Gazprom

One of the greatest mistakes in the analysis of what is happening in Ukraine is the view of Russia as a one man dictatorship. That is clearly not the case. Moscow is a complex political society with numerous powerful figures. They, rather than Russia’s passive democracy, determine who is in charge. Vladimir Putin has been a strong leader but his power is not absolute. The eternal truth is that all leaders lose power in the end and very few go voluntarily.

After nearly 15 years in office as President or Prime Minister he has already exceeded the normal lifespan of leadership. Actuarially he is living on borrowed time and is dependent on continued success. In the current situation the line between success and failure is very narrow and energy issues are at the heart of the judgment. 

The dispute over Ukraine has moved into a diplomatic phase and for the moment at least the prospect of a Russian advance into eastern Ukraine has receded. The consequences of what happened in the Crimea, however, continue to shape European policy making. The invasion provided a sharp reminder of Europe’s reliance on Russian gas – a degree of dependence which the EU will now reduce even if a settlement is agreed by the diplomats. It is quite possible that within two or three years European gas imports from Russia could be halved. Russia would be reduced to being one supplier among many in a world where gas-to-gas competition inexorably reduces prices. 

The rumours that Vladimir Putin is about to replace Aleksey Miller as the chief executive of Gazprom continue to swirl around the markets across Europe. As usual it is hard to know what is true and what is dreamt up by Mr Miller’s enemies. Removing Mr Miller would not, however, solve Gazprom’s problems. What the company really needs is a new strategy. What should it be. ? 

Pipeline will be laid on the bed of the Black Sea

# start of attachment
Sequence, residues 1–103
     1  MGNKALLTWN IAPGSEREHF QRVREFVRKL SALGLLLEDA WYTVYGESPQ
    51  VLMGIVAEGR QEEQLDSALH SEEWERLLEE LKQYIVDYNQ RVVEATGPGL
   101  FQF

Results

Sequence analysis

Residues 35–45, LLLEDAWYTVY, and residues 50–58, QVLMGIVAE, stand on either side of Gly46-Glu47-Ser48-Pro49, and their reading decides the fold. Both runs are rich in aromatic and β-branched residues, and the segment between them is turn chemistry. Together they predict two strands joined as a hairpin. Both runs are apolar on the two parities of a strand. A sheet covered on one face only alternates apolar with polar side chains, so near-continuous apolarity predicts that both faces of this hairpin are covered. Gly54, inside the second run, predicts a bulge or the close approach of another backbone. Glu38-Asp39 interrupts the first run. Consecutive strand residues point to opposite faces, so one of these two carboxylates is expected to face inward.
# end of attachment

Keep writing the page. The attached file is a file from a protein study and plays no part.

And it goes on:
Gazprom has been putting the final investment agreements in place for the South Stream project, clearing the way for construction of the 63bn cubic metres a year pipeline to Europe to begin next month. Never mind that demand for Russian gas in Europe is falling, or the $19bn cost of South Stream. The pipeline will help free Gazprom from dependence on Ukrainian transit pipelines and improve European energy security.

Gazprom and its foreign partners took a final investment decision on the 900km offshore section of South Stream at a meeting in Milan late on Wednesday. The pipeline will be laid on the bed of the Black Sea and will link southern Russia with the coast of Bulgaria.

 

A tanker is filled at a Gazprom refinery. Getty

Could the conflict between Gazprom and the European Union become the antitrust case of the decade?

The answer is yes and the argument is spelt out in an excellent paper just published by the Centre for European Policy Studies.

The case could not only make legal history and provide a very timely reminder that the EU is alive and kicking, it could also transform the international gas market, pushing on the fall in prices already underway and undermining to the point of extinction the linkage between the prices of crude oil and natural gas.